Although I stay mostly off social media these days, I dip into Twitter every now and then, which piqued my interest in the new release from Canadian author Amy Jones. Pebble & Dove is her latest novel, which is a lighthearted take on family politics and the bonds we draw and break within that sphere. I follow Amy on Twitter because she has a super cute dog, and her husband, Andrew (also as writer), has a horror novel coming later this summer that I also plan on reviewing. A few years ago I read one of Amy’s earlier novels, and lead a book club discussion on it as well. I interviewed her for an event too, and she’s a lovely, charming person, which explains why she writes such loveable characters. Although I have a terrible memory, I know I’ve always enjoyed her books, and this one is no different.

Plot Summary

Stay-at-home mother Lauren and her teenage daughter Dove take a spontaneous trip down to Florida, to the trailer that Lauren’s mother Imogen left her when she passed away. Unbeknownst to Lauren, Dove has just been expelled from school, but Lauren has problems of her own; her husband has just asked her, via text, for a divorce, plus she’s got a mountain of debt building that she’s hidden from the rest of her family. Dove is confused as to why she’s staying in Imogen’s old trailer because she isn’t actually aware that her grandmother died, but Lauren’s mother was basically estranged from her daughter and granddaughter anyway, so these questions fall to the wayside. Instead, Dove preoccupies herself with a nearby, rundown aquarium and the giant manatee named Pebble who has essentially been forgotten there. Cranky and quirky neighbors in the Swaying Palms trailer park keep the storyline light, while Lauren and Dove fret in their separate ways. Both have secrets they keep from one another while they each try to determine what Imogen’s secrets were, and what significance this forgotten manatee played/plays in their family.

My Thoughts

The characterization is what really shines in this novel; Dove’s oscillating emotions are understandable, and believable. Lauren is a frustrating individual, but her parenting efforts are laudable, and provide a steady source of humour. There are a few chapters written from the perspective of Imogen, who remains somewhat mysterious throughout the entire novel, but this is clearly done on purpose. The minor characters that enter in and out of their lives through the unique setting of the Floridian trailer park offer entertaining breaks from the messiness of the mother daughter relationships, and really help to ground the story. Although it’s not at all a glamorous place to be, I must admit to wishing I had a few days to spend at the Swaying Palms trailer park where everyone knew each other’s business but had enough sense to mind their own most of the time anyway.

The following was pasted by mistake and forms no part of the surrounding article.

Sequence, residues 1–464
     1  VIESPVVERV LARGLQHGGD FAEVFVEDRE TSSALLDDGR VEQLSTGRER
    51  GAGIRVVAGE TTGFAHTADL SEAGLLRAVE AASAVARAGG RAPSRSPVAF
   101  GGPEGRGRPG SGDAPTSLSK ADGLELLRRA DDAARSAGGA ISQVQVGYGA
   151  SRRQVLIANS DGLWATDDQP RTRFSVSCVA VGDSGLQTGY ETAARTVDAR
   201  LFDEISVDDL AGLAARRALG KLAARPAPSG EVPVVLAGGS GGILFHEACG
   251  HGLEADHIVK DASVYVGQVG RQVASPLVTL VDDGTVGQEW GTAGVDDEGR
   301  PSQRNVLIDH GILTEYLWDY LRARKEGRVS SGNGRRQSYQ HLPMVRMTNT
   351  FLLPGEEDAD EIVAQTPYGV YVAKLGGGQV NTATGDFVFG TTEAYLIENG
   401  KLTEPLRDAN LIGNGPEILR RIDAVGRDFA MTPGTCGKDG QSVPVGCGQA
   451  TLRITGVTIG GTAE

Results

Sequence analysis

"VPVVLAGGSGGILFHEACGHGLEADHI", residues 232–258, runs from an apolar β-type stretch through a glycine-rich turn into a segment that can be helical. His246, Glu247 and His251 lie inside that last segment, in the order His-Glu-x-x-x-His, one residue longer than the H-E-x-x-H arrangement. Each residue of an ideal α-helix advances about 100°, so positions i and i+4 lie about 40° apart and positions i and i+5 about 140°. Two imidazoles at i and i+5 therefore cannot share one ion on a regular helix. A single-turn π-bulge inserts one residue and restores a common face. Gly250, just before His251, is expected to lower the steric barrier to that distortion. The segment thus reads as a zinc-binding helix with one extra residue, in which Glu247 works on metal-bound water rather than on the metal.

Some of the humour also comes from the disconnect between generations; Imogen and Lauren, and Lauren and Dove. Throwing a teen perspective into any novel will always result in some laughs, simply because their language, thoughts and beliefs come across as so foreign to everyone else’s. One of my favourite examples of this is when Dove realizes where her mother spent the night:

“She must have known Cal from before, maybe when she came to Florida with Nana when she was a kid. They probably reconnected over Facebook, like sad old adults do when they’re bored with their lives, stirring up all those feelings from their past. She wondered how long her mother has been planning this. She wonders how long she has just been a pawn in her mother’s twisted game.”

-p. 168 of Pebble & Dove by Amy Jones, ARC edition

I’ll admit to finding some coincidences unbelievable, but there’s no harm in including these developments, I wasn’t in search of hardboiled realism here. I got what I came for in this book; a lighthearted look at some deeper issues that we can all relate to. And strangely enough, it also gave me a new appreciation for the manatee; a large mammal we rarely see or think much about, but one that holds much to be in awe of.

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